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The spawn from lake sturgeon in Michigan to be introduced to Cuyahoga River

people on a boat lifting up a sturgeon
U.S. Fish and Wildlife Service Director Martha Williams assists Justin Chiotti in getting a 67 pound lake sturgeon onto the boat. Jim Boase, holding a line to the left of them is pointing down into the water where another fish has been caught.
  • Five decades ago the Cuyahoga was a symbol of all that was wrong with the environment. Now it's believed to be clean enough for the ancient fish.
  • Fertilized sturgeon eggs from the upper St. Clair River near Port Huron are sent to a Wisconsin hatchery and then those fish will populate the Ohio river.

The number of an ancient fish in the Great Lakes is growing and being re-introduced to rivers where it has not been seen in 100 years or more.

Lake sturgeon have been released into rivers in Michigan and Ohio. It will be 15 years or more to know whether the fish will return to spawn because they don’t mature sexually until that age or older.

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Since the 1990s the U.S. Fish and Wildlife Service has been coordinating an effort to revive the population in the Great Lakes.


You know, it's like a 50 year plan because these fish don't reach maturity sometimes until 15 years or something like that. So you can't expect results right away. It's a long process,” said Jesse McCarter, a Fish and Wildlife Service fish biologist on another project. He’s keeps up with his colleagues' work to repopulate the sturgeon.

“When we embark on this, it's a huge investment. It spans the careers of people,” said Jim Boase who leads the team working with lake sturgeon. He’s been researching sturgeon his entire career. 

A large number of sturgeon come together to breed where Lake Huron flows into the St. Clair River, at Port Huron, Michigan.


They’ve been using that brood stock to reproduce more sturgeon. After fish eggs are fertilized, they’re sent to the Genoa National Hatchery in Wisconsin. Eventually they’ll be released in a river. The sturgeon will likely return there when their mating instincts finally kick in.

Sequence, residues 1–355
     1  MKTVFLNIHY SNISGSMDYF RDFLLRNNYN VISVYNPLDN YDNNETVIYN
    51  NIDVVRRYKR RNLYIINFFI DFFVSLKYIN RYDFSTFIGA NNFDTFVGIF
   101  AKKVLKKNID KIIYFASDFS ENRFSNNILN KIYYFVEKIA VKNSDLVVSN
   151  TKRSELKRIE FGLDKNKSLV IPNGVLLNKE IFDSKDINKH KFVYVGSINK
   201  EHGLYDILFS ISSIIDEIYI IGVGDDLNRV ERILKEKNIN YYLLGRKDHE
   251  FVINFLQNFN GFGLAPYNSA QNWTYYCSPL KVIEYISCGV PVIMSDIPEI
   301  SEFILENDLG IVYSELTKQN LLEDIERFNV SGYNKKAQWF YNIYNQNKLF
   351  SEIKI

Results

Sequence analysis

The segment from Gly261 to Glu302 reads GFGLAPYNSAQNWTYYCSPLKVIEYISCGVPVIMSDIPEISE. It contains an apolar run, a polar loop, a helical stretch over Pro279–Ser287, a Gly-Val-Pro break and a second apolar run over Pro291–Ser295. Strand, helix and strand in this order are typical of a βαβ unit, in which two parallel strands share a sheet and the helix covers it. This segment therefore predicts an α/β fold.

In the Detroit River there’s another sizeable population of sturgeon. The Director of the U.S. Fish and Wildlife Service, Martha Williams has been visiting wildlife refuges. When she got the Detroit International Wildlife Refuge, Jim Boase recruited her to work on this boat catching sturgeon.

Oh, I didn't know I was going to pick it up. I thought it was strong and I was overwhelmed. So cool,” Williams said later.

three people holding to fish
Martha Williams, Director of the U.S. Fish and Wildlife Service (on the right) was recruited to help catch and examine lake sturgeon. (Lester Graham/Michigan Radio)

She helped fish biologist and lead researcher Justin Chiotti drag in a 67 pound sturgeon from the river into the boat. There is was measure, weighed, a chip was inserted (the kind you might put in your pet), and small tissue sample was taken for DNA testing.

Williams has been touring different wildlife refuges this year… which is the 50th anniversary of the Endangered Species Act. When asked about the decline in populations of birds, bats, and other wildlife, she said population drop of so many species around the world and in the U.S. greatly concerns her.